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Monday, December 23, 2019

The Ups and Downs of Houston’s Commercial Real Estate Market in 2019


By Rand Stephens (Houston)


The commercial real estate market in Houston had another good year in 2019. Houston’s economy and job growth remain healthy, despite a lackluster energy market. Industrial continues to be the top-performing sector of commercial real estate while the recovery in the office market is still moving at a snail's pace.

Energy Industry Recovery Hits the Pause Button
The energy industry has a big impact on the office market. Recovery for the oil and gas market slowed to a standstill in 2019, with stock prices down and oil prices in the $50 - $60 range. When oil prices took a nose dive in 2014, the ripple effect trickled into job growth and the office leasing market. It seems to be two steps forward and one step back ever since. Back then, capital markets provided the liquidity for recovery, but today energy companies must restructure and finance themselves. An upswing of the office market is contingent upon job growth in the energy sector and while there were some flickers, it was not sustainable throughout 2019.

Vacancy Rates Spur Positive Changes
Houston office vacancy rates hovered within the scale of 16% most of the year and construction was limited with 1.3 million square feet (msf) completed in 2019, as of mid-December. Employers continue to woo younger employees with amenity-rich office buildings, including food services, mobility services and environmentally-friendly components. Older class A buildings have responded to the newer, modernized buildings, like Capital Tower and 609 Main, by undergoing upgrades and transformations. While this bodes well for tenants, in the long run, it’s not clear whether making significant investments to older buildings will prove out from an investment standpoint.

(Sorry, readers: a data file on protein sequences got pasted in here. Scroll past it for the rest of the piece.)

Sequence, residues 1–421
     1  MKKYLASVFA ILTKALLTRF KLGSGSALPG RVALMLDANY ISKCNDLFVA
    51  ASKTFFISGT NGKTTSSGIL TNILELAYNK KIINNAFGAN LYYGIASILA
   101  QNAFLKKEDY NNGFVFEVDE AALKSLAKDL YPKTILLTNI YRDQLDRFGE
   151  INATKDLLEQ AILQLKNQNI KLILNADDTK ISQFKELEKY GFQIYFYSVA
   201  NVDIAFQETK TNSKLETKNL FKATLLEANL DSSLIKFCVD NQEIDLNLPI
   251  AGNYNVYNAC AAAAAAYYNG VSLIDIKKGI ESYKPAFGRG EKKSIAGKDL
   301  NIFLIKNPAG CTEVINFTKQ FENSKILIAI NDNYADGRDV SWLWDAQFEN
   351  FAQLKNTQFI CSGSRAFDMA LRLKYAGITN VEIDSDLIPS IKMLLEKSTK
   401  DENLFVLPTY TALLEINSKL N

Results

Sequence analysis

The trend of tenants upgrading their facilities while becoming more efficient with their space continued in 2019. For example, Direct Energy left their 191,000-square-foot (sf) space in Greenway Plaza for a 105,000-sf office space in Houston Center, which is undergoing a facelift. Companies are now expanding their headcount while using considerably less space. Overall, the better buildings will be the winners, but this trend is a loser for the market as a whole.

Industrial Leads the Way
The industrial market continued to be the driving force for the commercial real estate sector in Houston in 2019. E-commerce and Port Houston maintain their “bread-and-butter” status for the industrial sector. We saw major distribution center commitments by big retailers such as Home Depot and Costco. As was the case in 2018, the fundamentals of Houston’s industrial market had a strong year and are consistent with the performance of the market nationally. Currently, there is close to 20 msf of industrial construction in the works which is expected to be completed in 2020, and more than 50% of that space is unoccupied. The industrial market undoubtedly has a healthy supply of industrial product going into 2020 but absorption continues to be excellent.